There are many instances of painful losses that banks cause to us on a daily basis. In such instances, who do you complain to? The answer is not the RBI itself, but an authority set up by the RBI, the Banking Ombudsman.
Banking Ombudsmen are one or more officers in the rank of Chief General Manager or General Manager of RBI and they are usually appointed for not exceeding three years at a time.
What sort of complaints can you raise?
We give you a few common types of complaints below. (For the full list, go to the section on the RBI website.)
- Delay in the payment or collection of cheques
- Non-acceptance of notes and coins
- Non-adherence to prescribed working hours
- Failure or delay in providing a banking facility promised in writing by the bank and its direct selling agents
- Complaints by NRIs in relation to their remittances, deposits or any other matters
- Levying of charges on the customer without adequate prior notice
- Account debited but cash not dispensed by the bank’s ATM
- Less/excess cash dispensed by ATMs
- Threatening calls/inappropriate actions by recovery agents
- Unauthorised online fund transfer
- Refusal/delay in closing accounts
How do you complain?
You can submit a complaint by post or email in the format specified in Annexure A. As per the format, you must mention the bank’s name and address along with your own and the details of your complaint. You have to submit the complaint to the Ombudsman office in whose jurisdiction your billing address is located. You can get a full list of Ombudsman Offices and their addresses/contact details here.
However, before you approach the Ombudsman, you must first submit your complaint to your bank in writing. If the bank’s answer in unsatisfactory or if it fails to answer within 30 days, you can approach the Ombudsman. You cannot approach the Ombudsman if you have moved in Court or Tribunal on the same grounds as those mentioned in the complaint.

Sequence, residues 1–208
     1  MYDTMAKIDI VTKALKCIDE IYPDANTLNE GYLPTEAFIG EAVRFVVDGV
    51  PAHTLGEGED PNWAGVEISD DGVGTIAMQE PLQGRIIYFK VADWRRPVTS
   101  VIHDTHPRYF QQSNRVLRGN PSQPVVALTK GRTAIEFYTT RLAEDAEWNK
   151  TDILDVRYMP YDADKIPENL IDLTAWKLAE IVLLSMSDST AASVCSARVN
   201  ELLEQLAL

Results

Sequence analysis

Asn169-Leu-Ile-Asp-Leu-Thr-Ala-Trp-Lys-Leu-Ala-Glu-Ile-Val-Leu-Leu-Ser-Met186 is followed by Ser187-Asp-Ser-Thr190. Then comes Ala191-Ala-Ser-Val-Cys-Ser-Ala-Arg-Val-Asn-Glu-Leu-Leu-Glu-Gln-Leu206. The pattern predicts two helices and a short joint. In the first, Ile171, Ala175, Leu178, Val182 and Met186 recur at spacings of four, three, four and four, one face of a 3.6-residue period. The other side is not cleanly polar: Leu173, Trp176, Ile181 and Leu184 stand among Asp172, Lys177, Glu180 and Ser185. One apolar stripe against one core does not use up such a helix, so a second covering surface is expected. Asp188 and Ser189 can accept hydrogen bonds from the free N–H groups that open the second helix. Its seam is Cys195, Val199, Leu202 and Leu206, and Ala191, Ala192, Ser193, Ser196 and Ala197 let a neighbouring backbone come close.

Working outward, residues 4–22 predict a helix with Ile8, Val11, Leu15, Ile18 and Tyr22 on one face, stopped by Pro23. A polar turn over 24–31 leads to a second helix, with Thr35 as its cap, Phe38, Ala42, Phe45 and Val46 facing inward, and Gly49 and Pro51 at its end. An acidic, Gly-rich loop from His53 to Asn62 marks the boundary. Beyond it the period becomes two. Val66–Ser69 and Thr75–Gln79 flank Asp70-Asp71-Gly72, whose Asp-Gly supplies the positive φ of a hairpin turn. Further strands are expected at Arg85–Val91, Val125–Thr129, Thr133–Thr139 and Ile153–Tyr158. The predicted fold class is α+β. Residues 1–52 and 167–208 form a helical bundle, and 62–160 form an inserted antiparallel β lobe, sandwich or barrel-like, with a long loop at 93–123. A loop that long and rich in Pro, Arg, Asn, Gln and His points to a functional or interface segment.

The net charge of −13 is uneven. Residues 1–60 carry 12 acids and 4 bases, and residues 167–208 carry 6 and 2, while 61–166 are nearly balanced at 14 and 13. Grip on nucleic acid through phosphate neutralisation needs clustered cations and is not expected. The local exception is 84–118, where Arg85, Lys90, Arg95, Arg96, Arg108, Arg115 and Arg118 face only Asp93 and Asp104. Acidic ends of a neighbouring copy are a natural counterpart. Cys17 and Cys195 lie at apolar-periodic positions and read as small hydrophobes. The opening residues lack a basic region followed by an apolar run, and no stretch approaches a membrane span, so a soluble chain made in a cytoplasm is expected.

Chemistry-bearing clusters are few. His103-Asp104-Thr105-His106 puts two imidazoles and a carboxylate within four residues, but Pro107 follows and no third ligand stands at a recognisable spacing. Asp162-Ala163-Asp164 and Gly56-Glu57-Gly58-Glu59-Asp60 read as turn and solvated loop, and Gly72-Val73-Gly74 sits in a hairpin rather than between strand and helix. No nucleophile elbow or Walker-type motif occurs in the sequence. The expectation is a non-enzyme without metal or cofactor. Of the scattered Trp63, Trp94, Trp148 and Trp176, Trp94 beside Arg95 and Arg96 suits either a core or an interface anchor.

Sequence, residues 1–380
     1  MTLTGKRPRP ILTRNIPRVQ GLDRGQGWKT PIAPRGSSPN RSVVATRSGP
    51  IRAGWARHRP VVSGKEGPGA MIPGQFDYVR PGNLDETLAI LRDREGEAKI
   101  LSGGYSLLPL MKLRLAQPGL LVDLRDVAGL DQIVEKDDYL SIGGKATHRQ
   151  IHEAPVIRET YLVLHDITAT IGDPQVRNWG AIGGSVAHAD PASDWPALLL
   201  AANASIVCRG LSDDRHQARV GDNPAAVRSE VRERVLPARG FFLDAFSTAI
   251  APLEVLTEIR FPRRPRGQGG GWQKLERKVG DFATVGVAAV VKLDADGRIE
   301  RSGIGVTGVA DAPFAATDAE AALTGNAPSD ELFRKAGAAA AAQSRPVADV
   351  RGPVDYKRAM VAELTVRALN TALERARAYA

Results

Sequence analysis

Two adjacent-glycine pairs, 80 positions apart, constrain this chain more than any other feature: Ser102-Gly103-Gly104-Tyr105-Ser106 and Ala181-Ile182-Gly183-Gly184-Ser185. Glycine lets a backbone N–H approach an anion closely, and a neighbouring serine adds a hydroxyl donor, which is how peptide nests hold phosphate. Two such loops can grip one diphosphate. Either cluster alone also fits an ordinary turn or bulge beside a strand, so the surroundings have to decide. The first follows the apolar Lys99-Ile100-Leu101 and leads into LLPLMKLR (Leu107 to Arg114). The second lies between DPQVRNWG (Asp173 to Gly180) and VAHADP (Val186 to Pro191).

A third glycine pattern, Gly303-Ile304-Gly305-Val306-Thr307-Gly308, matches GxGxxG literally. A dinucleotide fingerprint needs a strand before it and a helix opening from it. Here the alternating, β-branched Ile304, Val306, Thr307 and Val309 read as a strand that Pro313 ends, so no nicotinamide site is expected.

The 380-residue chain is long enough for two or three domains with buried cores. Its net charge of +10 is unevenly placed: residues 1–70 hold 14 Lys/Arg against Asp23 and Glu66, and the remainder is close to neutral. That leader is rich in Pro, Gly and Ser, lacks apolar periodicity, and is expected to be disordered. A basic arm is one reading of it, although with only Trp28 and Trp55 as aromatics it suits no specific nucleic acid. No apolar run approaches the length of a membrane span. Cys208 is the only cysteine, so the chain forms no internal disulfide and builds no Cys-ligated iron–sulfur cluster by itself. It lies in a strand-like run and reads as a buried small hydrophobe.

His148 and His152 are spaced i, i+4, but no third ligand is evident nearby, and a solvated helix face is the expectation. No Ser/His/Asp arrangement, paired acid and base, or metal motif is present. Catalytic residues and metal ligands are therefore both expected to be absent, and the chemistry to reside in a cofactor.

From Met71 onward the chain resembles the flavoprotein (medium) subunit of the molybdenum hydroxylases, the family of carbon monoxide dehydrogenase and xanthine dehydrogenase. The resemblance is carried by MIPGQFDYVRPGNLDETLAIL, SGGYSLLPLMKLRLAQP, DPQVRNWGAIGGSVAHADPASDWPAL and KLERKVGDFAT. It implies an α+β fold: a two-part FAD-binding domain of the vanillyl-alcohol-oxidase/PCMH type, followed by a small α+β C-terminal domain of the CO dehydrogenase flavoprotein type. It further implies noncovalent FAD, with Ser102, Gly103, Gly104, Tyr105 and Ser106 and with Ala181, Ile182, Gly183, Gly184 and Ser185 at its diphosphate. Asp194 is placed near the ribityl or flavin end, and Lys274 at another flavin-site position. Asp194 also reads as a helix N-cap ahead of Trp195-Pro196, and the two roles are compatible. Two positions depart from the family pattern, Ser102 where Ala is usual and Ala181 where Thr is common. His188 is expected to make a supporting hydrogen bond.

What does the Ombudsman do?
At first, the Ombudsman will try to resolve the matter through mediation and conciliation. It may call meetings of both parties and encourage them to reach an agreement on the issue. If this does not work, the Ombudsman can issue:
- Directions to the bank to take a specific action to redress the complaint
- An award up to Rs 20 lakh
- An award for costs incurred by the complainant up to Rs 1 lakh (on account of the loss of the complainant’s time, expenses incurred by the complainant, harassment and mental agony suffered by the complainant.)
Once the Ombudsman reaches a decision, you have to indicate in writing whether you accept it or not. The decision only becomes effective once you indicate your acceptance.
If you do not accept the Ombudsman decision, you can file an appeal with the Appellate Authority within 30 days of the Ombudsman’s decision. The bank can also appeal the Ombudsman’s award within 30 days of your acceptance of the award.
What other remedies do you have?
- You can approach the District Consumer Forum (colloquially known as the Consumer Court) forum or other relevant authority under the Consumer Protection Act, 1986.
- You can approach a Civil Court under the Indian Contract Act, 1872.
- If the bank or one of its employees has committed a fraud against you, you can file a complaint with the police under Section 420 of the Indian Penal Code which deals with cheating.